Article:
Without that assurance, Mr. Pearson wrote, the boy's uncle is not in compliance with the temporary custody he was granted and "we have no choice but to move forward with the termination of Elian's parole as of Thursday, March 30, 2000, at 9 a.m."

The government's ultimatum came after attorneys representing Mr. Gonzalez filed an appeal with the 11th U.S. Circuit Court of Appeals in Atlanta.

They are seeking to overturn the federal judge's ruling that affirmed the INS decision to return Elian to his father in Cuba. The U.S. Justice Department participated in that appeal, filing its own motions.

On Monday, the Atlanta court accepted the appeal and scheduled oral arguments for the week of May 8, before a three-judge panel.

If a decision goes against the Florida relatives and is not unanimous, the family could ask the judges to review the decision and could appeal to the full court, where a majority of the court's 12 judges would have to agree to hear the case.

If the full appellate court upholds the INS decision, the Miami family could appeal to the U.S. Supreme Court, for an "emergency injunction" a legal stay requested to prevent "irrevocable harm." The tactic is most often used in a last-minute death penalty appeal.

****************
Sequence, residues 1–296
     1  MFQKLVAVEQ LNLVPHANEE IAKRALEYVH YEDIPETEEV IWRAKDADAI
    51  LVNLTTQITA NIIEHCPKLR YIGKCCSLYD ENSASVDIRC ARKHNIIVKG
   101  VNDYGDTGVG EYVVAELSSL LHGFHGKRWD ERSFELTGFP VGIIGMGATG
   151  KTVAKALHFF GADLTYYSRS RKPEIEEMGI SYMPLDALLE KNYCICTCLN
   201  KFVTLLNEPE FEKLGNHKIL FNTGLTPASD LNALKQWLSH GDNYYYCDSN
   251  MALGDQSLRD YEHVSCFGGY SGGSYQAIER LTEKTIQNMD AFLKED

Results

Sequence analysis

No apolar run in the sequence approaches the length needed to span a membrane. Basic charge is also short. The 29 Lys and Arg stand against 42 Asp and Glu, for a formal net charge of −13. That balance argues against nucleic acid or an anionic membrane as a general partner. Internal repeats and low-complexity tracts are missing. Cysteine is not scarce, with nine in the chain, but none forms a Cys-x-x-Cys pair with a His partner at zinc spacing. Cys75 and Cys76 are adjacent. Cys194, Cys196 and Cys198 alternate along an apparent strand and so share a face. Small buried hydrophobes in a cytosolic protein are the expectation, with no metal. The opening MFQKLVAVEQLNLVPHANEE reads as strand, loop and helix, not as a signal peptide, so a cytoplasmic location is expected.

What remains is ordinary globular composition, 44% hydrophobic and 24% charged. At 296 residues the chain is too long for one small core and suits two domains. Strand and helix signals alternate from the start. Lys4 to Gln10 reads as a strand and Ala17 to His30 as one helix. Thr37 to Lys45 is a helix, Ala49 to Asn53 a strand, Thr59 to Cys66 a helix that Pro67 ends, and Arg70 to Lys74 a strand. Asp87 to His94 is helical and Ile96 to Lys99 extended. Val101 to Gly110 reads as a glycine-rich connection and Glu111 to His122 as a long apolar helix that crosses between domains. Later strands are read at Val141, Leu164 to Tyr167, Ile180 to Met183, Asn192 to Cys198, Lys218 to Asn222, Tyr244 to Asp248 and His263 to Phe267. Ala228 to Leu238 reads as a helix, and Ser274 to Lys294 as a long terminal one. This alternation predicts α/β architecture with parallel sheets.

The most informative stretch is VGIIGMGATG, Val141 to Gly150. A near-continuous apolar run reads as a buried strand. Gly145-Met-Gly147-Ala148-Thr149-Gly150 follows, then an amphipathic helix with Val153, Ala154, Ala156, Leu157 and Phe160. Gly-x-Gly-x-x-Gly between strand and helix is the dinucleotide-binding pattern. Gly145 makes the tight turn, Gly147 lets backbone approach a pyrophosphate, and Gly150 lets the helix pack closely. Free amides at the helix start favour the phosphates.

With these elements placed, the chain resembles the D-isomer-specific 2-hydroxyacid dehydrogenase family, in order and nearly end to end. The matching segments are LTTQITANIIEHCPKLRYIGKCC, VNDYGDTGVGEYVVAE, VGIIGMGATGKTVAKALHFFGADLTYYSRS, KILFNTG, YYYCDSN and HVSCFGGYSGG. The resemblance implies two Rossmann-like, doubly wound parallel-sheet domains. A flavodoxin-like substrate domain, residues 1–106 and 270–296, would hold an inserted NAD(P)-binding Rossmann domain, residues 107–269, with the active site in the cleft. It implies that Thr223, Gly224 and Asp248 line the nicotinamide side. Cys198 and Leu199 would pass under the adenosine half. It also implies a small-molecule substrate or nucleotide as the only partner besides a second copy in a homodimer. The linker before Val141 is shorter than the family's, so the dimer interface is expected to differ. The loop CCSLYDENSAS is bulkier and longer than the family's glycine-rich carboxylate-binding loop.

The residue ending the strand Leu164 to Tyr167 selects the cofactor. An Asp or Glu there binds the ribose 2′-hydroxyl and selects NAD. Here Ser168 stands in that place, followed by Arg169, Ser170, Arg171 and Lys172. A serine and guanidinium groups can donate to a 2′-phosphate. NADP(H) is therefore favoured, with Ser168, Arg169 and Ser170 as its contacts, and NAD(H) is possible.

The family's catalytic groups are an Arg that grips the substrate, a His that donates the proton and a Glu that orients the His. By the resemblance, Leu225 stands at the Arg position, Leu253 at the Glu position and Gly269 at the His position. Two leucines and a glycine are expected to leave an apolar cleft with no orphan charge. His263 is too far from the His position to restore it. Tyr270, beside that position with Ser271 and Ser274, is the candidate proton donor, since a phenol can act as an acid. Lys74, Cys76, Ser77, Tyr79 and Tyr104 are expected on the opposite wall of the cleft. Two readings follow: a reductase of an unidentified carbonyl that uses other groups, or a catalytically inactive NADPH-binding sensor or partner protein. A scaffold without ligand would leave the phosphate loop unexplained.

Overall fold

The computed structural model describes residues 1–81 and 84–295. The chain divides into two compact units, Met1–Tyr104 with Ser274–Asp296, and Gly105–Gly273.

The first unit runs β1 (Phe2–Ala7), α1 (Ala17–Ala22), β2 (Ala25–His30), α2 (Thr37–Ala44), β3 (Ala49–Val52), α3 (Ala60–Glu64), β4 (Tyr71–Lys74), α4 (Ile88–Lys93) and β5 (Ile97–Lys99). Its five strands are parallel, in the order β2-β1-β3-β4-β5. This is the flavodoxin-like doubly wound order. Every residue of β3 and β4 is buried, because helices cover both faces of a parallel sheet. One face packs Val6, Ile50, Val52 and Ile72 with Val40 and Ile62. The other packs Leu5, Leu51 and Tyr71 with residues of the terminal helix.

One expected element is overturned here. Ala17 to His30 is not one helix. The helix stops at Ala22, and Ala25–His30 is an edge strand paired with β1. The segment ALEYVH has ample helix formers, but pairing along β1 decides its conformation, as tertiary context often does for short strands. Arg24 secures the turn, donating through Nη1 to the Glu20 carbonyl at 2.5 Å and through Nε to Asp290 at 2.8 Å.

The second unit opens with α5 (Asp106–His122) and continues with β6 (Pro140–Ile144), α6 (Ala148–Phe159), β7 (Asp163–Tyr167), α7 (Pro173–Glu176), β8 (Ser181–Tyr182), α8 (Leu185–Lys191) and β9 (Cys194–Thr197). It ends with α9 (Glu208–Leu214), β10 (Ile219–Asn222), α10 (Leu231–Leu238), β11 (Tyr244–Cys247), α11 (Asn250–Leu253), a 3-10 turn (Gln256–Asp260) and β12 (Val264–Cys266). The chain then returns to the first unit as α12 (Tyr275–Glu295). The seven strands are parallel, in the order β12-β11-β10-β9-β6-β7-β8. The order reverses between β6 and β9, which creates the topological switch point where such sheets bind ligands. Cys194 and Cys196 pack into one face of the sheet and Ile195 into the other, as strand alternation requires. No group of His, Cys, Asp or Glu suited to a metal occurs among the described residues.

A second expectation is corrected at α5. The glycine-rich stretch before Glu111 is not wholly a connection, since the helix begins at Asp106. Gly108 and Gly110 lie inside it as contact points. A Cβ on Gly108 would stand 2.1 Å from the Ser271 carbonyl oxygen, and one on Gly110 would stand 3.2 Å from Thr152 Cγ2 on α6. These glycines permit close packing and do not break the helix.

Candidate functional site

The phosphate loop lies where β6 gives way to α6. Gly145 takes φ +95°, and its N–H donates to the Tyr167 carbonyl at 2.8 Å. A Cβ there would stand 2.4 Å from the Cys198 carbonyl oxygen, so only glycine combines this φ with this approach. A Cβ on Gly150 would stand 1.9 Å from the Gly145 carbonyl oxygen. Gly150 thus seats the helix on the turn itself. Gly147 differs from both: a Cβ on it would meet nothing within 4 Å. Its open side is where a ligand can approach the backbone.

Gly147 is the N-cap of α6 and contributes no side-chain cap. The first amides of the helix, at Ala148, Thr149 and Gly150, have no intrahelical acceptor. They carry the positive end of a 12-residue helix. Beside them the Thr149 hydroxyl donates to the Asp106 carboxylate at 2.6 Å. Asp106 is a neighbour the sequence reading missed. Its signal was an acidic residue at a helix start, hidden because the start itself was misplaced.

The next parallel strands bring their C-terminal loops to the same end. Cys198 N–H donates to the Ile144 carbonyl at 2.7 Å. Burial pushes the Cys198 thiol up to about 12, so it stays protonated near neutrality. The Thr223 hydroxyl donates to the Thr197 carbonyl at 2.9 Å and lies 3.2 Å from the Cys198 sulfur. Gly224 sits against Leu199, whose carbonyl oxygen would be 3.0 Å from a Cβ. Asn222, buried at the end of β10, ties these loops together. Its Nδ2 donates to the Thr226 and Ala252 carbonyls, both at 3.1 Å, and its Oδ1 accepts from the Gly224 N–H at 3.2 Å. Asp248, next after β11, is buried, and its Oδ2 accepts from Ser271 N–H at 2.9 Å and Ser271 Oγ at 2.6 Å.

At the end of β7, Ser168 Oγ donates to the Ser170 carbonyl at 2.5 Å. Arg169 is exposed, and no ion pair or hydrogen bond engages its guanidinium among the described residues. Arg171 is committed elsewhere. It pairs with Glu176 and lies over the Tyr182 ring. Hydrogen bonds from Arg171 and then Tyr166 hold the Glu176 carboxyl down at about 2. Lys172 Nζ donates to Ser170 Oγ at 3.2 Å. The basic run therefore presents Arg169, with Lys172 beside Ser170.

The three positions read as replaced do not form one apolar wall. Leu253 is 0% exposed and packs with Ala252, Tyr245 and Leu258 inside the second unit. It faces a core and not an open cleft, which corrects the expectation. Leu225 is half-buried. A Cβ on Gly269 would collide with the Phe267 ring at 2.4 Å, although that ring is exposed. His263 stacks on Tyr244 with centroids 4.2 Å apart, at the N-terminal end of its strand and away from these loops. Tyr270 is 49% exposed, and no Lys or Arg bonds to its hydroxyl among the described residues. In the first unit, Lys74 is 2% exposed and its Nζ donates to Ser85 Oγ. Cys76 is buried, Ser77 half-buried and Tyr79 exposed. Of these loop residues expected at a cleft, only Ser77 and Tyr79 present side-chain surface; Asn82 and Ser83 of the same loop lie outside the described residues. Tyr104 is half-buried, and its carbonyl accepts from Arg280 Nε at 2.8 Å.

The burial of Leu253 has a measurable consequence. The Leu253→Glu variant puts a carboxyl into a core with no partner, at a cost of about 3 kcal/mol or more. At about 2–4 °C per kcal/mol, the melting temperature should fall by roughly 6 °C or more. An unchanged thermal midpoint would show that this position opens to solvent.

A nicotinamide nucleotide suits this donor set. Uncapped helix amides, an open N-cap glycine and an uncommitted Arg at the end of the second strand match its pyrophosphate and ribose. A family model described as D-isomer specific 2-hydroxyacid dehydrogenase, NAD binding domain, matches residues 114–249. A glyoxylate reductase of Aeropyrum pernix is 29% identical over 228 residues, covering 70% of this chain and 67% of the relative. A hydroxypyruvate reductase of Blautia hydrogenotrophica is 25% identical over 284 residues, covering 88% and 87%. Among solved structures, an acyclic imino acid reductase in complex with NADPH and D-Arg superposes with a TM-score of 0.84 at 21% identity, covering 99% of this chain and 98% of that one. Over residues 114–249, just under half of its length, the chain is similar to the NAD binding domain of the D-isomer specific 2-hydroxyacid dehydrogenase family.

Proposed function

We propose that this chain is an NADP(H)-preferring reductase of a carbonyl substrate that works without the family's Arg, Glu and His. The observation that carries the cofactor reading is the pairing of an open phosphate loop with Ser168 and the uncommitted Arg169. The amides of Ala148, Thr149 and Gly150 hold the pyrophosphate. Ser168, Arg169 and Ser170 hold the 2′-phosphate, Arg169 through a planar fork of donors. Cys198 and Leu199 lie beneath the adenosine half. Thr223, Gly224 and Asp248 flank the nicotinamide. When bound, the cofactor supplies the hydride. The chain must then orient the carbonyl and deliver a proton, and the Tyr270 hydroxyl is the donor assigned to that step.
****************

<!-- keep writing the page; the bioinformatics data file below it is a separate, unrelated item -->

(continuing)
While the INS insists that forcibly removing the child from the family is something they wish to avoid, Miami's anti-Castro Cuban-American community is preparing for the worst.

The Democracy Movement, which staged massive protests in January, vowed yesterday to block traffic in downtown Miami and at the city's international airport to prevent Elian's deportation.

"The plans of the government of the United States are to not recognize the court's decision to give more time to the defense. Therefore, we obviously are going to start a campaign to prevent the boy from being taken arbitrarily," said movement president Ramon Saul Sanchez.

Demonstrations will start tomorrow or before, "depending on how critical the situation becomes," Mr. Sanchez said.

The group's strategy may include forming a human chain around the home of Lazaro Gonzalez, where Elian is staying, "blockading" federal buildings in central Miami, asking drivers to drive slowly or to block the entrances to airport parking lots, Mr. Sanchez said.

• This story is based in part on wire service reports.